God goes on to question Job for four chapters. At the end of the questioning and challenging, Job replies:

Job 42
Then Job replied to the Lord:
"I know that you can do all things; no plan of yours can be thwarted. You asked, 'Who is this that obscures my counsel without knowledge?' Surely I spoke of things I did not understand, things too wonderful for me to know. You said, 'Listen now, and I will speak; I will question you, and you shall answer me.' My ears have heard of you but now my eyes have seen you. therefore I despise myself and repent in dust and ashes."

Whoa. That's powerful.

I'm never going to stop asking questions. I understand that the nature of asking "why?" is to come back with the answer "I don't know."
And I'm ok with that.

Because I really don't need to know everything.
Like getting to know a friend, girlfriend, or relative, I accept that there are things about the nature of God and this world He's created that I may never know. But just as with those people, that won't stop me from continuously seeking a relationship and asking the hard questions.


Thursday, March 11, 2010

Israel Day 6: The Desert

Today has been so much fun!
The day started with a bus ride to the Ahava store/factory. All of their products are Dead Sea based, and plenty of people spent plenty of money on loved ones! It was a fun time, and there were alot of laughs.
After Ahava, we hopped back in the bus and headed for Masada. On the way we saw En Gedi (mentioned In the Bible, and historicaly belonged to Cleopatra). We also saw an Ibex on the way, which are native here!

Masada is historical on two levels. First, it was one of King Herod's desert retreats and is one of the amazing structers the crazy king had built duri g his life time. The second historical level is far nearer to the hearts of the Israeli people.
We learned from the writings if Josephus Flavius that Mosada was the last stronghold for the Jewish Rebels in ~72 AD against the Roman Empire. They were besieged in the old mountain fortress until the Romans realized they weren't moving anytime soon. At this point, the Romans built a huge earth ramp up to the wall of Mosada so that they could wheel a huge battering ram to the top and take the city. The Jews put up a fight, but couldn't hold out against the Romans' unyielding attack. The final desperate act was decided by the leader of the Jews, and all the people agreed to the plan. 10 people were chosen to kill the other families (men, women, and children) so that the Romans wouldn't make them their concubines and slaves. Finally, the leader of the Jews at Mosada was the last alive, and the only one who had to take his own life (considered a sin). This story of desperate measures has been passed down from person to person, and written down by Josephus Flavius and finally it was re-discovered, excavated, and can be journeyed to by tourists.
What an amazing place to see Biblical truth and historical record meet.

It's interesting to note that we were at Mosada at the same time as Mrs. Biden, the second lady. (pictured in pink)

-Dead Sea-
After Mosada we headed to the shore of the Dead Sea for some fun and floating! The super salty mineral rich water and mud is excellent for skin, and for a hilariously fun time! What a blast!

Today was a more relaxed easy-going day, and I think we all needed it. Tomorrow is a free day to explore Jerusalem for everybody except the High School Students (Shalom, Sara, Hannah, and me). We are volunteering at the International Christian Embassy Jerusalem! We're not sure what that means, but I'll keep you posted!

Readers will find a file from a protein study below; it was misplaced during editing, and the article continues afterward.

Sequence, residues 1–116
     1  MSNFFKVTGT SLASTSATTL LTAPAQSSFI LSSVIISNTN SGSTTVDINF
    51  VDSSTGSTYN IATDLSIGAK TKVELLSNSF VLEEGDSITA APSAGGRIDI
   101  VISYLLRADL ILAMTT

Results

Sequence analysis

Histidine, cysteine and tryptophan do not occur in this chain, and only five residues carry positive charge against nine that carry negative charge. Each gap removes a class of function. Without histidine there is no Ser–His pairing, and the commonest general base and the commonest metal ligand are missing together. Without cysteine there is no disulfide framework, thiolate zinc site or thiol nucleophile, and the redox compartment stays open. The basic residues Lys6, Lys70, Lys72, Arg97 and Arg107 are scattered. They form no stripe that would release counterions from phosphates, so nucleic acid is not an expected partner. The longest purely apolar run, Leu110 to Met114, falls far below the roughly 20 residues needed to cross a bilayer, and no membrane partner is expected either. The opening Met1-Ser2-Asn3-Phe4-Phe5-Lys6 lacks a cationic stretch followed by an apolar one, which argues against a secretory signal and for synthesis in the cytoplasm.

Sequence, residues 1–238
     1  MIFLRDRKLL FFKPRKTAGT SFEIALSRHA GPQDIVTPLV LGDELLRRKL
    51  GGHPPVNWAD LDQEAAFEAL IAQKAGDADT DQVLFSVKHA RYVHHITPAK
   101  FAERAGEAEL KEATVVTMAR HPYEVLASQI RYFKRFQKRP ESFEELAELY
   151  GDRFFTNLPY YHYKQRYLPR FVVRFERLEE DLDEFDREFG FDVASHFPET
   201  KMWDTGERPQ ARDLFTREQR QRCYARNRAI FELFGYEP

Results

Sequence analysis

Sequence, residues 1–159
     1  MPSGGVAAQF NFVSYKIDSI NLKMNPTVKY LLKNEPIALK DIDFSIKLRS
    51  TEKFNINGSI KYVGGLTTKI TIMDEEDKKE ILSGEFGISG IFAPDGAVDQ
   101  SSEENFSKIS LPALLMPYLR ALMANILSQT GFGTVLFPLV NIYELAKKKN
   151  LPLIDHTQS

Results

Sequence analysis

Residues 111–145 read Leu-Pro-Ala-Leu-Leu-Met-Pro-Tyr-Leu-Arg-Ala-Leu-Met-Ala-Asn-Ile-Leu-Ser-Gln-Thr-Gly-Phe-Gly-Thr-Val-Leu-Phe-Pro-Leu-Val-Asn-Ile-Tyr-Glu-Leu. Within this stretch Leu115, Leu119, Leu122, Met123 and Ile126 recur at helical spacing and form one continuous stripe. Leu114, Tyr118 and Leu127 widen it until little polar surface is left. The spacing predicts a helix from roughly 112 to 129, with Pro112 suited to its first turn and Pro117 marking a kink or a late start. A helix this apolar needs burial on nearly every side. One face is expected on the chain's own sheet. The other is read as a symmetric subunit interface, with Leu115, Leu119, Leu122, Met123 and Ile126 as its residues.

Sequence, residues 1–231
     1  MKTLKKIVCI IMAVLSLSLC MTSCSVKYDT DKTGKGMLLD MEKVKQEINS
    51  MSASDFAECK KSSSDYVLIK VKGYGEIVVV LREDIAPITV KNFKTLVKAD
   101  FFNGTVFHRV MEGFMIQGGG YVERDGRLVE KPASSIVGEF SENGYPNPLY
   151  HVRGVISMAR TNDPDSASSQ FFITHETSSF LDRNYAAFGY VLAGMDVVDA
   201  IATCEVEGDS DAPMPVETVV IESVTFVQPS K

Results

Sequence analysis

Wednesday, March 10, 2010

Israel Day 5: From the Garden Tomb to Bethlehem

Yesterday proved extremely tiring, but was so awesome! Today should be incredible as well!

-The Garden Tomb-
So peaceful. The Garden Tomb is such an amazing place to reflect and remember the ressurection of Jesus. Whether or not this is where it happened, the point is that Jesus is no longer dead. So awesome!

"The place of the skull"

Inside. The tomb is empty!

-Random Jerusalem-
We went to the upper room, King David's Tomb, and the Western Wall! So awesome!

-City of David-
This was not a part of our original tour, but it was such a blessing to be able to go! The City of David is everything within the old walls, and we got a chance to see the spring that would have been directly outside of those walls. The spring provided water for all of Jerusalem, and was well hidden from Israel's enemies. It had to be fetched using a series of tunnels, which we got to walk through!

Because Bethlehem is under Palastinian control, it is really an interesting experience. No Hebrew, sheckels not accepted, no Jews. Arabic, mostly Muslims, very dirty. That being said, all of the holy sites are well protected by Churches and wonderful staff. We saw two sites in Bethlehem: the sheperds field, and the Church of the Nativity. The shepards field has a beautiful church made by the same guy who did the church on Mt. Tabor, and the Church of All Nations. The Church of the Holy Nativity is an incredible site as well. The church is built in the shape of a cross, and the top of the cross features beautiful Greek Orthadox iconoclastic art work. After walking the length of the church, we decended a staircase into the cave: the birthplace of Christ. Unlike many other "traditional" sites we've seen, this is very likely the spot Jesus Christ actually was born.


Tuesday, March 9, 2010

Israel Day 4: Jerusalem!

Hey everybody! I was so tired when we got back to the hotel last night, I didn't have a chance to throw a blog post together! Also, I made a video recap of the day's events, but that won't upload for some reason.
That being said, plenty of pictures were taken throughout the day, and I uploaded all the great one's onto Facebook!